“Crucial Conversations” – Master my stories

The worst at dialogue fall hostage to their emotions, and they don’t even know it.
The good at dialogue realize that if they don’t control their emotions, matters will get worse.

So they try something else. They fake it. They choke down reactions and then do their best to get back to dialogue. At least, they give it a shot. Unfortunately, once these emotionally choked folks hit a rough spot in a crucial conversation, their suppressed emotions come out of hiding. They show up as tightened jaws or sarcastic comments. Dialogue takes a hit. Or maybe their paralyzing fear causes them to avoid saying what they really think. It’s never pretty, and it always kills dialogue.
The best at dialogue do something completely different. They aren’t held hostage by their emotions, nor do they try to hide or suppress them. Instead, they act on their emotions. That is when they have strong feelings, they influence (and often change) their emotions by thinking them out. As a result, they choose their emotions, and by so doing, make it possible to choose behaviors that create better results. This of course, is easier said than done. It’s not easy to rethink yourself from an emotional and dangerous state into one that puts you back in control. But it can be done.

Stories create feelings

As it turns out, there is an intermediate step between what others do and how we feel. There’s always an intermediate step because actions themselves can’t and don’t cause emotional reactions. That’s why, when faced with the exact same circumstances, ten people may have ten different emotional responses.
What is this intermediate step? Just after we observe that others do and just before we feel some emotion about it, we tell ourselves a story. We add meaning to the action we observed. We make a guess at the motive driving the behavior. Why were they doing that? We also add judgement – is that good or bad? And then, based on these thoughts and stories, our body responds with an emotion.
We call this model our Path to Action because it explains how emotions, thoughts, and experiences lead to our actions.
You’ll note that we’ve added telling a story to our model. We observe, we tell a story, and then we feel. Although this addition complicates the model a bit, it also gives us hope. Since we and only we are telling the story, we can take back control of our own emotions by telling a different story. We now have a point of leverage or control. If we can find a way to control the stories we tell, by rethinking or retelling them, we can master our emotions and, therefore, master our crucial conversations.

Our Stories

Stories provide our rationale for what’s going on. They’re our interpretations of the facts. They help explain what we see and hear. They’re theories we use to explain why, how and what.
Of course, as we come up with our own meaning or stories, it isn’t long until our body responds with strong feelings or emotions – after all, our emotions are directly linked to our judgements of right/wrong, good/bad, kind/selfish, fair/unfair, etc.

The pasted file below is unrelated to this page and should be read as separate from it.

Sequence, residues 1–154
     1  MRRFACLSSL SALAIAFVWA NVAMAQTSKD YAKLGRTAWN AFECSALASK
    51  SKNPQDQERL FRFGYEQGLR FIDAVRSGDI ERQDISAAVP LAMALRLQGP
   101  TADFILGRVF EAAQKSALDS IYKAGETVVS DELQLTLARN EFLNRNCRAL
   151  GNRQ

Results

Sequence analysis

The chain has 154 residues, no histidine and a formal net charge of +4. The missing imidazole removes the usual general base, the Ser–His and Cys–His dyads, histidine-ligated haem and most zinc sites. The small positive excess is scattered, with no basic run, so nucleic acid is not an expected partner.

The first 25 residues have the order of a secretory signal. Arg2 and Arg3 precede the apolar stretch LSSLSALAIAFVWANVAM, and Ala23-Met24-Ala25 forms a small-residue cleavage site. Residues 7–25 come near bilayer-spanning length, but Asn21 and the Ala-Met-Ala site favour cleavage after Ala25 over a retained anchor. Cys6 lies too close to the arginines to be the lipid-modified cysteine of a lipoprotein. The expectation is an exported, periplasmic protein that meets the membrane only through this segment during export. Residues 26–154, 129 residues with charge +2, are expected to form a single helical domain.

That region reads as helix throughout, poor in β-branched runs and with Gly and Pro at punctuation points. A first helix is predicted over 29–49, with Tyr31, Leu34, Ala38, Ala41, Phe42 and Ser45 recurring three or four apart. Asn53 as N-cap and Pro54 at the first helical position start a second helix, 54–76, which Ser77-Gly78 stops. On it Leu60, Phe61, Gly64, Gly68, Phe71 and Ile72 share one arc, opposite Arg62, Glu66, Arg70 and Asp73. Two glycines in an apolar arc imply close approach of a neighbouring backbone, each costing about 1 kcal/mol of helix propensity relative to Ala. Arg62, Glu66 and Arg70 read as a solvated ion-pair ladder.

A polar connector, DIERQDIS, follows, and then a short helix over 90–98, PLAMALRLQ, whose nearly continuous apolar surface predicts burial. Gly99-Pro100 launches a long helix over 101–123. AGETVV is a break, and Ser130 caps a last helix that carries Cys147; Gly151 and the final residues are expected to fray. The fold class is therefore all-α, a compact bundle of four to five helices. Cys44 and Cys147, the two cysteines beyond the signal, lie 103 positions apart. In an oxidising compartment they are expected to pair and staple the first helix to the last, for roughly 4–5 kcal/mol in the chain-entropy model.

Even if you don’t realize it, you are telling yourself stories. When we teach people that it’s our stories that drive our emotions and not other people’s actions, someone inevitably raises a hand and says, “Wait a minute! I didn’t notice myself telling a story. When that guy laughed at me during my presentation, I just felt angry. The feelings came first; the thoughts came second.”
Storytelling typically happens blindingly fast. When we believe we’re at risk, we tell ourselves a story so quickly that we don’t even know we’re doing it. If you don’t believe this is true, ask yourself whether you always become angry when someone laughs at you. If sometimes you do and sometimes you don’t, then your response isn’t hard-wired. That means something goes on between others laughing and you feeling. In truth, you tell a story. You may not remember it, but you tell a story.
Any set of facts can be used to tell a infinite number of stories. Stories are just that, stories. These explanations could be told in any of thousands of different ways.

If we take control of our stories, they won’t control us.
People who excel at dialogue are able to influence their emotions during crucial conversations. They recognize that while it’s true that at first we are in control of the stories we tell – after all, we do make them up of our own accord – once they’re told, the stories control us. They first control how we feel and then how we act. And as a result, they control the results we get from our crucial conversations.
But it doesn’t’ have to be this way. We can tell different stories and break the loop. In fact, until we tell different stories, we cannot break the loop.
If you want improved results from your crucial conversations, change the stories you tell yourself – even while you’re in the middle of the fray.

Retrace your path

To slow down the lighting-quick storytelling process and the subsequent flow of adrenaline, retrace your Path to Action – one element at a time. This calls for a bit of mental gymnastics. First you have to stop what you’re currently doing. Then you have to get in touch with why you’re doing it. Here’s how to retrace your path:

  • [Act] Notice your behavior.
    Am I in some form of silence or violence?
    [Feel] Get in touch with your feelings
    What emotions are encouraging me to act this way?
  • [Tell story] Analyze your stories
    What story is creating these emotions?